This may seem like it’s a bit far-fetched, but her father was a thief and she learned the art from him. Now that he’s married to a respectable woman he has stopped his thieving ways, but Julianna decides she’ll steal this one time to get the money she needs. She decides to steal the Stewart Pearl (a pearl that has been in the Stewart/Stuart family for years) – owned by the man who lives across the street. Unfortunately when she’s exiting his room with the pearl in hand, she’s caught by the man himself.
Alasdair Sharp is shocked when he realizes the thief trying to steal his pearl is a woman. He’s intrigued, however, and though he can’t see her properly he decides that he’ll make a bargain with her. He tells her that he’ll give her the pearl in the morning if she spends the night in his bed. Even though Julianna already has the pearl she agrees to the night in his bed. Imagine how shocked Alasdair is when he wakes up and the pearl and the girl are both gone.
Julianna hocks the pearl to a very disreputable man. Since the pearl is so well known, however, it’s her only choice. When Alasdair starts following her (along with his friends) trying to figure out what she’s done with the pearl, they get to know each other better. This causes Julianna to have second thoughts about pawning the pearl and now she’s determined to get it back. Of course the only way to do that is to steal it.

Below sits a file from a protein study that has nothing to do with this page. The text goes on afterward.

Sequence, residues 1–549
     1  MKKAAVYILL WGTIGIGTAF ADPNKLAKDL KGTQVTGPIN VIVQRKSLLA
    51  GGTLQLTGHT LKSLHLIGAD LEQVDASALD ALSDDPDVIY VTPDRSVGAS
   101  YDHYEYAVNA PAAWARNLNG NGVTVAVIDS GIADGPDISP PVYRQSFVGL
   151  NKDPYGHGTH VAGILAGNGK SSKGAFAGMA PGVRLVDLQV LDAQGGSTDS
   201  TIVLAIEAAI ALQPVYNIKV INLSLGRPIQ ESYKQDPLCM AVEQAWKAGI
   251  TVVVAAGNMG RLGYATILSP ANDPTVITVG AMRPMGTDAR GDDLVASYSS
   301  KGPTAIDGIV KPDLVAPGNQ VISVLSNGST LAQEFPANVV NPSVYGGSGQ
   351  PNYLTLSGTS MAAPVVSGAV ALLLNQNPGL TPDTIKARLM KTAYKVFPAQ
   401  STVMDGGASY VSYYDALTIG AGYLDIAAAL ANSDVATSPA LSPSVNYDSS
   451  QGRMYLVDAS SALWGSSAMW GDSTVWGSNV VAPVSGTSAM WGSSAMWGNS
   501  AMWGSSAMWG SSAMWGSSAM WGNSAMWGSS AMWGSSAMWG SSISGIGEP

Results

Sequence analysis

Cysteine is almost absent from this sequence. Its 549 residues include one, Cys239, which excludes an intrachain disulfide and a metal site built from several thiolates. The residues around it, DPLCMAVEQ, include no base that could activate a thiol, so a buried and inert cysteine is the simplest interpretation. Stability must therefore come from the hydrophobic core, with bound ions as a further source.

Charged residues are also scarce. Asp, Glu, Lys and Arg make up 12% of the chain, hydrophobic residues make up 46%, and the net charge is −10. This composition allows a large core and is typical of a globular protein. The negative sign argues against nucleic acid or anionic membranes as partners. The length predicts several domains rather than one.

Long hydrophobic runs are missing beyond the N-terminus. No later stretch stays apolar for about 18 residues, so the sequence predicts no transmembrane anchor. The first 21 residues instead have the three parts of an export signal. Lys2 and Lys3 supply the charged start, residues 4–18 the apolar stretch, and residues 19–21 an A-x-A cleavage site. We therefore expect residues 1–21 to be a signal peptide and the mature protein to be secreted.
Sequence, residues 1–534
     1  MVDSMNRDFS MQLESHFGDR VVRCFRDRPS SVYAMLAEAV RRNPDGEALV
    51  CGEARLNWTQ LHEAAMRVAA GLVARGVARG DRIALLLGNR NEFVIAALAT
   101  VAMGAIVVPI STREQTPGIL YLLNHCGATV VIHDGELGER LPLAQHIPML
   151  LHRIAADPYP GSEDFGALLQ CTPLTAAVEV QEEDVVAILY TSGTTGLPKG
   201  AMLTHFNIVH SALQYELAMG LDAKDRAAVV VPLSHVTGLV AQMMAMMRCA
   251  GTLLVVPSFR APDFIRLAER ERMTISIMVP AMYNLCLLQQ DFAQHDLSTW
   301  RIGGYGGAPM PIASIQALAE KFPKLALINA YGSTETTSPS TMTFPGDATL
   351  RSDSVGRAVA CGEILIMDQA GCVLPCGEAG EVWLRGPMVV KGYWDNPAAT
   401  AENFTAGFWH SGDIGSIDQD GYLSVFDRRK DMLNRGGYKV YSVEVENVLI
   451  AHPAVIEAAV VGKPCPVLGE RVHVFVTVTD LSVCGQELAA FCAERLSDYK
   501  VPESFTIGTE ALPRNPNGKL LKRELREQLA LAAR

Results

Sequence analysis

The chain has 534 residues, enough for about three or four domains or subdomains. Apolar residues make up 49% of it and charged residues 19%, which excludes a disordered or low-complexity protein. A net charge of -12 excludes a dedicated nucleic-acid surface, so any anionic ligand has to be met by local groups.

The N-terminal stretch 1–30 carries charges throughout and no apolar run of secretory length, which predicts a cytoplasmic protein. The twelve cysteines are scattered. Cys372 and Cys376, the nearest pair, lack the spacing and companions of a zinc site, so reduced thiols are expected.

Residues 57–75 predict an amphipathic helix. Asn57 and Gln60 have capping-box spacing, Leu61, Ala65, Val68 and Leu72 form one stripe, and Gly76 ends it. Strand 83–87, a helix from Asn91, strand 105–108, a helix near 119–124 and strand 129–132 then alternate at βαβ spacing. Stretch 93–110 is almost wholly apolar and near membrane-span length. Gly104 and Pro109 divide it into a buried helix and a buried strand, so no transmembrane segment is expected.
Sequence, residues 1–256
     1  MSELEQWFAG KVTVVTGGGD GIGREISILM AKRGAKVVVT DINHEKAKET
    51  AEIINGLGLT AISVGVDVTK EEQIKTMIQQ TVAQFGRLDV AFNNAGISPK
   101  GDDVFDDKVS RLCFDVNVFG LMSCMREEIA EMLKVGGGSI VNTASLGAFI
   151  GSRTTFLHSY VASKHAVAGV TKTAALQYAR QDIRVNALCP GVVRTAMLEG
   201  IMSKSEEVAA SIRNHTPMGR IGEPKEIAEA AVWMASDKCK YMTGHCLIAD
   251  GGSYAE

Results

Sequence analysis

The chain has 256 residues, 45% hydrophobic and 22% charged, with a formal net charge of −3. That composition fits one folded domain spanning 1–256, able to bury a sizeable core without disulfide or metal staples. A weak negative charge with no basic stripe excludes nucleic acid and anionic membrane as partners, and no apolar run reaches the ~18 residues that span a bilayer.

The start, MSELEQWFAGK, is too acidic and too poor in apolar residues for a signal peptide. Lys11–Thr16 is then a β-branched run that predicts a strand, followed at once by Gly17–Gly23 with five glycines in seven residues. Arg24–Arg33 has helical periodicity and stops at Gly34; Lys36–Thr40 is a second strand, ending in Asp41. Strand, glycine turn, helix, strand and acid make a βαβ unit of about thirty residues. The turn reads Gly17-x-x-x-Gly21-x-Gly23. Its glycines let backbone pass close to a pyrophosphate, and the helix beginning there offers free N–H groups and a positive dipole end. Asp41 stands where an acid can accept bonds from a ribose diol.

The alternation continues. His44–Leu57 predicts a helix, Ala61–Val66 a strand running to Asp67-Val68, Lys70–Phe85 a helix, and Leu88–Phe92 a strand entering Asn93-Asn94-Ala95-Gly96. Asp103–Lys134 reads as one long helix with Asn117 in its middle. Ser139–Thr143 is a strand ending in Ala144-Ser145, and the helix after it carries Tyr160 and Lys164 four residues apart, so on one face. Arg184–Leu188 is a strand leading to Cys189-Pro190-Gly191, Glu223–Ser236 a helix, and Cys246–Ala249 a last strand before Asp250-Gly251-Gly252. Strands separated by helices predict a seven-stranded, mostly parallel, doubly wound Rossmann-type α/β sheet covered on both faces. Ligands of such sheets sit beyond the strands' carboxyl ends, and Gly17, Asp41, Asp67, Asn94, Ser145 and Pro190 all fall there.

This was a book that I requested from NetGalley back in August of 2012. I remember trying to read it back then and at that time I just couldn’t get into it. I really liked Kane’s Brothers in Arms series, so I was surprised that this book wasn’t working for me. I decided to try again and while I got through the book it really didn’t work for me.
The first scene where Julianna is caught and given the bargain was ridiculous. I’m sorry, but I couldn’t help but roll my eyes. Alasdair finds a thief in his room and instead of calling the watch he starts running his finger around her face and collar bone? Really? I don’t think so. He asks why she wants to pearl and she says she needs it to pay the rent. When he sleeps with her he gets immediately attached and in his mind is making plans to go shopping with her in the morning and make this woman his mistress. WTF? He didn’t even know her name yet but he’s making plans for the future? (I mentioned this to Holly and she said he has Captain Save-a-Ho complex. LOL) I guess he thought that’s his version of compensation as he had no plans to give her the pearl.